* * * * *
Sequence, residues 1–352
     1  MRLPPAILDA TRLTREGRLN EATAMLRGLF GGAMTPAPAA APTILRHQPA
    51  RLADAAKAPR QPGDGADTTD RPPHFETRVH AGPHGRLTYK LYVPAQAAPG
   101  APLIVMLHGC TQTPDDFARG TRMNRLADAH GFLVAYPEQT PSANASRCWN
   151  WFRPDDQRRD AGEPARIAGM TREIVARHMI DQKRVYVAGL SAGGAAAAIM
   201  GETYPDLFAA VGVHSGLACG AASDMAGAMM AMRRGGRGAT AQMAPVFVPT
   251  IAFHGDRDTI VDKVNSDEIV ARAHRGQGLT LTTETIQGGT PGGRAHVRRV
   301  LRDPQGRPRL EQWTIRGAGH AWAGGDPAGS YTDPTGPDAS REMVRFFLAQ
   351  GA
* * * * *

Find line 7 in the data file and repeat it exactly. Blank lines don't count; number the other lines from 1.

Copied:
   251  IAFHGDRDTI VDKVNSDEIV ARAHRGQGLT LTTETIQGGT PGGRAHVRRV